A depressed woman learns that her husband was killed in a car accident the previous day, then awakens the next morning to find him alive and well at home; then awakens the day after that to find that he's dead.
A lonely doctor, who once occupied an unusual lakeside house, begins exchanging love letters with its former resident, a frustrated architect. They must try to unravel the mystery behind their extraordinary romance before it's too late.
Angela Bennett's a software engineer type who works from home and has few friends outside of cyberspace. Taking her first vacation in years, she becomes embroiled in a web of computer espionage.Written by
One of the few PG-13 rated movies permitted to use the word "fuck" in a sexual context. See more »
It would not be as dark as shown at 7pm at Santa Monica Pier. See more »
I reckon you've got to try a few things in life without a safety net. How else are you gonna know you're alive?
Well, I take my share of risks. Uh-huh. Um, I don't always floss. I rip the tags off my pillows.
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Nostalgia may play a large part of my positive feelings towards this film as I watched it repeatedly on video with my younger sister as a teen. Back then "the net" was a new and largely undiscovered frontier, and this film romanticized hackers and the seemingly mysterious world wide web.
I would liken this to a less ambitious version of 'The Fugitive', a film that released two years prior (and by most accounts a superior thriller). Much of what happens in the course of this film is standard fare, but it is presented with a semblance of realism and never seems to hit any lulls or real snags in rhythm despite the frenetic pacing. The plot isn't entirely plausible or devoid of clichés, but it remains interesting from start to finish, and Bullock carries the role well.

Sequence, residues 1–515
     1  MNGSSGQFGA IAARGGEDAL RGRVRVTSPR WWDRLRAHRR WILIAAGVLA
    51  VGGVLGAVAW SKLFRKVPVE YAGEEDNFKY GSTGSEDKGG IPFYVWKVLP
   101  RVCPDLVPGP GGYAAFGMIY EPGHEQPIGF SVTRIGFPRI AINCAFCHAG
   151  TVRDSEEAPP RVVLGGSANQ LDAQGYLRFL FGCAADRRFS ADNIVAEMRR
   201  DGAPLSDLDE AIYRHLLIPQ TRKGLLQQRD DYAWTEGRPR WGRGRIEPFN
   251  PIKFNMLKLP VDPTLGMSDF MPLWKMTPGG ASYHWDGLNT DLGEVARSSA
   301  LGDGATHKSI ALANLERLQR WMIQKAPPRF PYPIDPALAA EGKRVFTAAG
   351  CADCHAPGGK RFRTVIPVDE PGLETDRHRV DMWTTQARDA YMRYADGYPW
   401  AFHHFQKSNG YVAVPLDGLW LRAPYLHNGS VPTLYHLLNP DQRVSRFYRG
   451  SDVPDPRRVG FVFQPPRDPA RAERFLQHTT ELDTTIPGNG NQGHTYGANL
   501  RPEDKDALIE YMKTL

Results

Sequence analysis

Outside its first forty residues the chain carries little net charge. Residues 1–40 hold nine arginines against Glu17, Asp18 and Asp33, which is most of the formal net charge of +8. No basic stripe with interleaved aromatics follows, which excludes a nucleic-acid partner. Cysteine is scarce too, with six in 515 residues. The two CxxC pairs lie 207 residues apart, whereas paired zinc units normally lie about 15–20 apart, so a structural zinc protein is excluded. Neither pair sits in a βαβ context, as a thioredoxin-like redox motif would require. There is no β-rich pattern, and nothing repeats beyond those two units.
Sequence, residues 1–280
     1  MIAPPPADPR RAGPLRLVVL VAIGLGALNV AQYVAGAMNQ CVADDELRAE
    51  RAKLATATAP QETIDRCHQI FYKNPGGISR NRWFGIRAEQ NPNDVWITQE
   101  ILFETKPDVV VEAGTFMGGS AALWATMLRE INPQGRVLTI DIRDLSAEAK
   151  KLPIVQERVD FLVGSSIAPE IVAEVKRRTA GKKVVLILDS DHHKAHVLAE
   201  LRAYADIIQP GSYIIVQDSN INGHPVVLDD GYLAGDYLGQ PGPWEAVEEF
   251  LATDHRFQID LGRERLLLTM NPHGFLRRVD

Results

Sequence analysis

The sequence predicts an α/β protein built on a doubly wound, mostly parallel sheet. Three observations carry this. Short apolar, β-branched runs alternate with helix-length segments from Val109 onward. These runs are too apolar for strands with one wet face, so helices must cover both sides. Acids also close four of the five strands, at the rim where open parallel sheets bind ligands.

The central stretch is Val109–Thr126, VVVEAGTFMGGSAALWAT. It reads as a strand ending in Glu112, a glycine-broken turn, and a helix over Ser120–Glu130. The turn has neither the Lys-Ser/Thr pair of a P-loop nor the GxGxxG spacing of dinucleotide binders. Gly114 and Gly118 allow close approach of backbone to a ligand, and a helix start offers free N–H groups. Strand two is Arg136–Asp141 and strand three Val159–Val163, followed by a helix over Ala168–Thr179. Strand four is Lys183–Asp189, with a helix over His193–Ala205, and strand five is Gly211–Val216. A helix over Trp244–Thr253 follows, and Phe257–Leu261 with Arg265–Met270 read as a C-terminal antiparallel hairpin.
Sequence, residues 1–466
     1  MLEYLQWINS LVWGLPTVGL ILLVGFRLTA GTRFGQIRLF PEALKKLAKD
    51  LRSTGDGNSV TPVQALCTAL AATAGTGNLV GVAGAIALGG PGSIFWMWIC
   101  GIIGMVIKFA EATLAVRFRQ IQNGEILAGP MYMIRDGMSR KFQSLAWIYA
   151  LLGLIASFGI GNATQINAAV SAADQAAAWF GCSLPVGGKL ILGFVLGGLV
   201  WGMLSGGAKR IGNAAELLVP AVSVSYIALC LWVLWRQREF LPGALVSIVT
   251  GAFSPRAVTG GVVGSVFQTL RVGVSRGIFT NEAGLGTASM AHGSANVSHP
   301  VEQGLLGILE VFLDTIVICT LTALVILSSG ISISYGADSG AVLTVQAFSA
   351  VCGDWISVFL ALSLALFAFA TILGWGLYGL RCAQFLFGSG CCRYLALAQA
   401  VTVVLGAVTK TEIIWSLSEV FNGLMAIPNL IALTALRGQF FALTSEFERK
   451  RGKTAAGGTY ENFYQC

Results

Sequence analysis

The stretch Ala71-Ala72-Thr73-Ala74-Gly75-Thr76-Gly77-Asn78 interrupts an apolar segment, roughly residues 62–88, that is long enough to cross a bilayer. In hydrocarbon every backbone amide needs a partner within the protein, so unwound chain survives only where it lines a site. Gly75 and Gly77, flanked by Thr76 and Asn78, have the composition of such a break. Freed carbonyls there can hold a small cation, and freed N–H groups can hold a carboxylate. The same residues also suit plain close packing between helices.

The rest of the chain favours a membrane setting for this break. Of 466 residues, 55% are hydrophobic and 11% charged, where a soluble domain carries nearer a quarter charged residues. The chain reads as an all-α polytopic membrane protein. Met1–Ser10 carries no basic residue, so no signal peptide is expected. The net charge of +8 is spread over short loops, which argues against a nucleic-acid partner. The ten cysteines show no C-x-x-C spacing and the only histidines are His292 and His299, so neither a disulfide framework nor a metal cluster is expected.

There are scattered scenes that show astute directing on the part of Irwin Winkler, though some of the secondary characters give uneven performances. However, Bullock does an admirable service at depicting a frumpy insular woman uncomfortable with her own sexuality and outer beauty. Her character is both resourceful and vulnerable at once, and it's a fresh pace to see a female lead with some layers to peel back in a genre dominated by men. Dennis Miller is very likable in his role, and ably acts the part with a more downplayed version of his real life persona. He was my favorite character by far and brought a lot of warmth to the role.
I'm usually very critical of any movies I see, and am generally turned off by standard Hollywood fodder, but there is a certain charm to 'The Net' that I can't deny. I liked it in '95, and I like it again almost twenty years later. Like visiting an old friend, there's a familiarity to it that is so hopelessly 90's and so reminiscent of a bygone era--the inception of the internet age--that it carries a certain weight to me unmatched by the multitude of forgettable popcorn thrillers of the decade.
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